Reader, the expert read it! They were, indeed, the only person I had any reason, at that time, to believe did read it. I was overjoyed and so very, very grateful. Nor was my gratitude in any way diminished by the expert’s opinion that my piece was so riddled with error as to be barely rectifiable! Since I cannot quote their verdict, let me give you some of my response:

First of all, thank you so much for taking the time to read my piece. And thank you also for your frank appraisal of its deficiencies, which I truly appreciate. I can’t help but feel that your willingness to help me will put you in violation of the Yidish¹ proverb you cite: af a nar makht men nit kin peyresh.


As you can infer from my reply, the expert had, again I say, with amazing generosity, offered to help me remove the errors from my wretched commentary. There was, however, a Faustian element to the offer: I would have to promise, in advance, not to include anything they thought unworthy of publication and to include only what they thought to be correct.

I explained, at some length, why I could not agree to this. There was a very specific problem, which I shall not go into, but the more general point I tried to convey was that although the scholarship in my commentary was important to me, and I wanted it to stand up in its own right, nonetheless my goals were not primarily scholarly but literary and philosophical. For example, in the commentary I explain how ‘the artist of the memes’ (i.e. me) arrived at the text that appears in the meme. That involved composing the text in English, putting it through Google Translate, and then getting help to put it into real Yiddish. I was able to recognize that what Google Translate had yielded was awful but it served my purposes to include it in the story of how the final text was reached. But for the irascible expert, it was offensive to give any space to the obviously deficient output offered by Google Translate.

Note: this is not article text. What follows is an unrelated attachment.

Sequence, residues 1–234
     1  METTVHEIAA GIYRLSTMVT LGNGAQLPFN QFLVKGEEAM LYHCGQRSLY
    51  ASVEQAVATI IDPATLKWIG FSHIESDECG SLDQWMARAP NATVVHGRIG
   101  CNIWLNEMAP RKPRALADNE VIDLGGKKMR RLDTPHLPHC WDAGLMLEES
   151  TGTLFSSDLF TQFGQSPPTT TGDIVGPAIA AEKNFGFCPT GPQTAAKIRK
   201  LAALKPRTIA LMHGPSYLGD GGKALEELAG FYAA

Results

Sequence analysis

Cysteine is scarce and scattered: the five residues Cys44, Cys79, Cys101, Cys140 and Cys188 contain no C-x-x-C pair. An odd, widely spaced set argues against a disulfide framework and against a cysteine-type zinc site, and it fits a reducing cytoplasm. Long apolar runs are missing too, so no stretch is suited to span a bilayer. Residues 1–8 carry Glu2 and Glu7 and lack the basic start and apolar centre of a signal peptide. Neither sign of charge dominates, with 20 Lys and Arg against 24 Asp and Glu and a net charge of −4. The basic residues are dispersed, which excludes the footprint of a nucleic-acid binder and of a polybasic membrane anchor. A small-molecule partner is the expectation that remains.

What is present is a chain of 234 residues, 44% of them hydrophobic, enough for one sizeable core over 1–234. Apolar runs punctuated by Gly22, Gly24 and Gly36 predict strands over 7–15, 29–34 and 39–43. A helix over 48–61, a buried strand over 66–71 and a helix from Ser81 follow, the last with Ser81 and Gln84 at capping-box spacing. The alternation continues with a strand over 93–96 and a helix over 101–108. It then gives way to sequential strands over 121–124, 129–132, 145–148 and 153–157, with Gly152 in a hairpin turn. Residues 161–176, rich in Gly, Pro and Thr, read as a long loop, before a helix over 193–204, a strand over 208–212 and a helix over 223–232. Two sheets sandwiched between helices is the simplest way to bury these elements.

Having audaciously made my case for why I wanted both the expert’s help and the right to make my own decisions about the content of the commentary, I waited. I was hoping that the charm with which I explained all this, the playfulness of including a specially composed Batman meme incorporating the Yiddish proverb they threw my way, the slyness and subtlety of my whole project, would win them over. I was a little boy trying to coax a stern and severe parent into indulgence. It was at this point, if I remember correctly, that my partner staged her Bolaño-inspired intervention.

And a good thing she did! The reply I received, far from manifesting the fondness I was trying to elicit, was now not just impatient and dismissive but positively outraged and angry. The expert, apparently, had not previously read the commentary, but merely skimmed it. Now that they had read it properly (but how grateful I am that they did, after all, not just leave it skimmed but read it properly) they found what I had written highly offensive. They felt I was poking fun at Yiddish by implying that there was something intrinsically funny about seeing Batman and Robin talking Yiddish. There would be nothing funny, the expert said, about seeing them talking French or German. So why should it be a source of humor to see them speaking Yiddish, a real language into which Shakespeare, Whitman, Einstein and many, many others have been translated. Would I also find a source of fun the articles of Kant- and Hegel-scholarship written in Yiddish and published in Yiddish journals?